Cancer in the extended family was our introduction to the US civilian healthcare system and the providers and patients who populate the top tiers of US healthcare. Heroes are everywhere. From case workers striving to piece together some plan that allows a chance for treatment both to ease the pain and to attack the disease to the healthcare providers struggling to care for patients in the worst of health, many of whom will not survive the season.
While I write, across the room sits a prosperous looking patient being stressed by health insurance concerns. Waiting for her chemotherapy treatment to begin, she is told her insurance company claims her healthcare coverage lapsed. The staff worked their magic and righted that wrong. Horrendous, that it is necessary to wage war with insurance companies while desperately fighting the cancer eating you alive. I think of a friend, former congressman Chris Carney, who voted for Obama's healthcare bill knowing it meant he would lose re-election; this type of situation inspired his courage.
Heroes are the professional healthcare providers and support staff, most being paid salaries that will never make them wealthy. They cheerfully provide care to the country's high and low. At the end of the day, the Medicaid patient and the extremely well off share the same fate. Oh, the wealthy may be coddled more in 'nicer rooms' but if they want the best treatment, they will be here.
Police and Justice
Race, militarized police and violence tore the country. Ferguson, Missouri, was the catalyst but the problem was brewing. The militarization of US police forces followed the end of the Vietnam War with similar results. A subtle shift of the police focus from 'serve and protect' to 'defend and suppress' can distract some local police in to forgetting they are part of their community.
The entire Ferguson fiasco went down in 90 seconds. Chaos reigned. Long ago, I was a city cop. My experience leans toward an ill-trained cop that panicked and disaster occurred. But, if a police department loses ties to its community, it becomes an occupying force. This clearly happened in Ferguson. Communities must always evaluate their police. The honest citizens who take to the streets are heroes for demanding justice and they are not alone. Good citizens must seek justice, in the street if necessary.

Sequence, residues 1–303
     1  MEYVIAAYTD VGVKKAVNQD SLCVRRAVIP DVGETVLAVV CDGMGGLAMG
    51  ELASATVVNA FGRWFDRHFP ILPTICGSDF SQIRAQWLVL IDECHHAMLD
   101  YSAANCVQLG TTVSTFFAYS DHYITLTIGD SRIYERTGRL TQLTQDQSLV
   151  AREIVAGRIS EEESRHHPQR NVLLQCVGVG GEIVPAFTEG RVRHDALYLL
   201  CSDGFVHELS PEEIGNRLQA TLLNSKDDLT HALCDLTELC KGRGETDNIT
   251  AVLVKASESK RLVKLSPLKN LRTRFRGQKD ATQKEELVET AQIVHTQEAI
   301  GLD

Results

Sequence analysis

It takes a special type of person to go out day after day and often see the worst of peoples' lives. Most cops are heroes; they do not want bad cops. Putting cameras on every uniform cop will help good cops two ways: protecting them from false accusations and eliminating bad cops. Good cops predominate. But cowards make heroes' jobs more difficult.
Heroes are every individual who goes to work every day and does the best they can to improve the life of neighbors and society. You disagree, uttering they are 'just' doing their job? The secret is how they do their job.
Occasionally, heroes are defined by one significant act such as rescuing wounded comrades or bystanders. As heroic, are those whose daily effort against constant odds aids people and society. Years ago, while a patient at Walter Reed, I realized how nearly insurmountable was the healthcare provider's daily task of caring for our seriously wounded. It takes a very special kind of hero. For example, one who hesitated to write concerning prisoner healthcare because she feared public attacks.
"...I've put off writing about prisoner-patients because I imagined the overwhelming response from readers would be anger at the idea of convicted criminals' receiving free health care that many Americans cannot get or afford, even under the Affordable Care Act..."
The very core of a hero is the sense of selflessness and the urge to help people live or live better.
Remember when we would all die from Ebola? Politicians and media talking heads called for closed borders and sold great fear. These timid and frightened people even demanded quarantining real healthcare heroes caring for the sick in Africa. "Lock them up" seemed to be their terrified screech.
When did American leadership become so timid and fear ridden? Where was the call for finding a cure and defeating the disease? Where were the political, media and religious leaders stepping forward to call for less fear and more courage?
Healthcare professionals, knowing the risks, still continued to work. I wager with a smile on most faces and a joke on their breath. Professional, everyday heroes showing up doing jobs that needed doing. Yet daily, politicians and media talking heads spread fear and hysteria every step of the way. Blocking progress and impeding their betters.
Timidity and fear spread to the weakest in our society where it often metastases into hate. When did our political, military and religious leadership fail their flocks? Was it the gospel of abundance seemingly adopted by all of them? These same timid and frightened 'leaders' inflamed identical false overblown fears of terrorism. 'What Would Today's American Insecurity Look Like to Someone From 1963?', January 9, 2015, by Tom Engelhardt summed up the failure of national leadership well:
"...In describing all this to that visitor from another America, you would, however, have to add that the Global War on Terror, in which giant ambitions met the most modest of opponents any great power had faced in hundreds of years, didn't work out so well..."
Follow real heroes' example, embrace commitment to others and begin the difficult task of discovering real solutions to real challenges. No strong nation ever long succeeded by embracing the mantra of fear and timidity.